Davidson mines tragic past for laughs in ‘King’
From Amy Schumer to Lena Dunham to Pete Holmes, director-producer Judd Apatow throughout his career has helped performers adapt their comedic sensibilities to film and television.
Working with Pete Davidson on “The King of Staten Island” may be Apatow’s biggest challenge because so much of his comedy comes from a place of pain. In addition to the death of his firefighter father responding to the Sept. 11, 2001, terrorist attacks in New York City, Davidson has battled mental (depression, borderline personality disorder) and physical (Crohn’s disease) health problems.
“The King of Staten Island” incorporates many of those elements (Davidson has described it as his life if he hadn’t found standup comedy) into a funny, but flawed dramedy that occasionally struggles to find the right balance and tone.
Scott Carlin (Davidson) lives in his mom’s basement in Staten Island, and both are dealing with the death of his firefighter father (here in a hotel fire, not 9/11) more than 15 years later. Mom (Marisa Tomei) hasn’t dated since her husband died, and Scott struggles with both the void of losing his father and his larger-than-life reputation in death. There’s a shrine to him in the living room, and he would loom large.
Scott makes jokes but clearly is in pain. One of the great, blink-and-you’ll-miss-it moments in the movie comes when Moises Arias as his friend Igor instinctively wraps his arms around Scott in a protective hug as the gang starts to tell a newcomer the story of Scott’s father.
The closest thing to ambition Scott has is a desire to be a tattoo artist. His “can’t-miss” business idea is to open a restaurant where diners can watch someone get inked while they eat. It’s called Ruby Tat-Tuesdays.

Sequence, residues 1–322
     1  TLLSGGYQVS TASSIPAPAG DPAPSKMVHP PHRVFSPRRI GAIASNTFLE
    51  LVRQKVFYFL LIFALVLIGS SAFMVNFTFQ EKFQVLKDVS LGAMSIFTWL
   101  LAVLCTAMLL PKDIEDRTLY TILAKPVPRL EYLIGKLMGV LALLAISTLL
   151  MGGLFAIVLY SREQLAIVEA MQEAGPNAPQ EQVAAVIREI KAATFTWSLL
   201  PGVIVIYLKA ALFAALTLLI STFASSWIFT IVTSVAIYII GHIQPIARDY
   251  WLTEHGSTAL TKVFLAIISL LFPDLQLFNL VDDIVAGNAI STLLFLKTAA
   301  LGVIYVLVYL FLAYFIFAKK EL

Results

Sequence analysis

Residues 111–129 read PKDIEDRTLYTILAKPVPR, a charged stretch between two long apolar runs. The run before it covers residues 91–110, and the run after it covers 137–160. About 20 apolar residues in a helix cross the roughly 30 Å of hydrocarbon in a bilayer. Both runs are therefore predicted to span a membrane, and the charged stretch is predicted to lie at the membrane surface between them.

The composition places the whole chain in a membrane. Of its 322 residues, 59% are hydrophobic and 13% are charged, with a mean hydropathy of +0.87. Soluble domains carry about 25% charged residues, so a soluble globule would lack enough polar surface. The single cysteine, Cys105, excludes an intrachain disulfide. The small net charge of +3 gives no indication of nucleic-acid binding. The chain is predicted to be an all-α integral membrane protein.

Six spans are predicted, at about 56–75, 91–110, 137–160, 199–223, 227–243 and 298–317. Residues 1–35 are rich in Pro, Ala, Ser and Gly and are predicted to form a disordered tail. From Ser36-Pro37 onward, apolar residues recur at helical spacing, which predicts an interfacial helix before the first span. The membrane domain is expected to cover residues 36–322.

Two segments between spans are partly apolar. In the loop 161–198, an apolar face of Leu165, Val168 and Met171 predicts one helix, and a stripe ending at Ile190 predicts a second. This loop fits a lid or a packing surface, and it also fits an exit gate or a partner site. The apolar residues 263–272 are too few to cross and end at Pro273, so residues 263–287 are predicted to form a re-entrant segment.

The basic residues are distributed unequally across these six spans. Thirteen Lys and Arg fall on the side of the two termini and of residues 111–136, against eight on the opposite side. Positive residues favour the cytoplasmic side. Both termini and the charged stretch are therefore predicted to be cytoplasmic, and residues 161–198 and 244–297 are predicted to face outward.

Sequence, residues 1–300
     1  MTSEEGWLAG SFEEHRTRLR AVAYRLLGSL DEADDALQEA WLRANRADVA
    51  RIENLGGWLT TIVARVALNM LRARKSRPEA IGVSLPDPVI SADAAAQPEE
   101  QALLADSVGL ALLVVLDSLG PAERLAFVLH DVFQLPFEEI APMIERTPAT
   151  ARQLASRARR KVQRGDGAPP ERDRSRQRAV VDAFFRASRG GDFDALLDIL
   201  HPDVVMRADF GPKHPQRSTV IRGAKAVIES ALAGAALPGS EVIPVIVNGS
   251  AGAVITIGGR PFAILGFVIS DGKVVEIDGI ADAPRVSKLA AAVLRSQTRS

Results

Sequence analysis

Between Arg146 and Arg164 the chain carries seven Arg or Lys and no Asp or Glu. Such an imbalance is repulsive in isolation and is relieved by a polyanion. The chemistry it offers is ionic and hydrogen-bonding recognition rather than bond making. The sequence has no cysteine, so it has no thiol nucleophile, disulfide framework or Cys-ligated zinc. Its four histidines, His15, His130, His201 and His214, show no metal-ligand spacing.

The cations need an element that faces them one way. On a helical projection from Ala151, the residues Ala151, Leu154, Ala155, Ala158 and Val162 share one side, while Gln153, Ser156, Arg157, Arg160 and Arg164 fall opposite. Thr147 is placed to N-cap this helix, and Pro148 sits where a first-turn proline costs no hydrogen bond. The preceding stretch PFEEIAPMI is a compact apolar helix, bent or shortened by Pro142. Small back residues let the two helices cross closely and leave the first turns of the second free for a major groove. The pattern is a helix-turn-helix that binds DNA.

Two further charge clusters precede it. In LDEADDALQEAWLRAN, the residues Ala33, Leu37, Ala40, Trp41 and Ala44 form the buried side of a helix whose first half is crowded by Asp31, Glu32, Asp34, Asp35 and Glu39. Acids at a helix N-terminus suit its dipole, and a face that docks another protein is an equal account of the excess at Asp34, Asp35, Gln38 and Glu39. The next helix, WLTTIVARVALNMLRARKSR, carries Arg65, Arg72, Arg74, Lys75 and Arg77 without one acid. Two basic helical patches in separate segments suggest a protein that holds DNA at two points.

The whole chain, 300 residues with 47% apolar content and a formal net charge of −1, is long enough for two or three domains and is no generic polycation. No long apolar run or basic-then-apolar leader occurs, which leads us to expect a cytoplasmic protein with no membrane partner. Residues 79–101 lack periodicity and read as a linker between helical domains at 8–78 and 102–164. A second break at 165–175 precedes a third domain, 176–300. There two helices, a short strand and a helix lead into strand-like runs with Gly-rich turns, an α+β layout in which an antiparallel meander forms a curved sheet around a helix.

His tattooing inadvertently brings together his mother and Ray, a divorced father of two who also happens to be a firefighter. Scott wouldn’t have liked anyone his mom dated, but being a firefighter makes the clashes between him and Ray especially ugly.
Davidson always has had an open-book attitude toward his life in his standup act, and his portrayal here, if anything, is even more raw. Scott may be a wounded puppy, but he’s a wounded puppy who deals with it by being a jerk to everyone around him.
Apatow doesn’t flinch from the pain in the story, but he’s not always successful in having it co-exist with the comedy.
One of the strengths of Apatow’s movies is the casting. “King” is filled with talent, even in the smaller roles, and Apatow gives each actor a moment to shine. Pamela Adlon has a great scene with Davidson as Ray’s ex-wife. Scott is looking for dirt on mom’s new boyfriend, and she’s more than willing to share every grievance.
Bel Powley stands out in a deep cast as Kelsey, Scott’s friend with benefits. She dreams of transforming her Staten Island hometown into New York’s next hip, trendy borough. The early scenes with Davidson, Powley and Scott’s other friends (Ricky Velez, Lou Wilson, Arias) have the loose, easy flow of real conversation. If there’s not a lot of improv in these moments, it’s a credit to the actors and the screenwriters (Davidson, Apatow and David Sirus) that it seems so off-the-cuff.
The banter among the firefighters also feels natural, and the stories they tell Scott about his dad both add to his heroism and make him seem more real to his son than he ever as before.
The downside of giving everyone their moment is that “King” is too long at 2 hours and 16 minutes and drags in the middle. Part of that is caused by a subplot where Scott’s friends try to get him involved in a pharmacy break-in. The whole sequence, which gets several minutes of screen time, seems to exist for no reason except to eliminate the obvious choice of where Scott can go after his mom kicks’ him out of the house. He can’t stay with any of his friends because they’re in jail.
The ending also feels out of place. The purpose is to show some level of growth and maturity in Scott, but it’s essentially a romantic comedy ending to a movie that never felt like a romantic comedy.
Audiences will find laughs in “The King of Staten Island,” but maybe not as many as expected considering the director and the star. Both the comedy and the serious elements work, even if they don’t always mesh smoothly.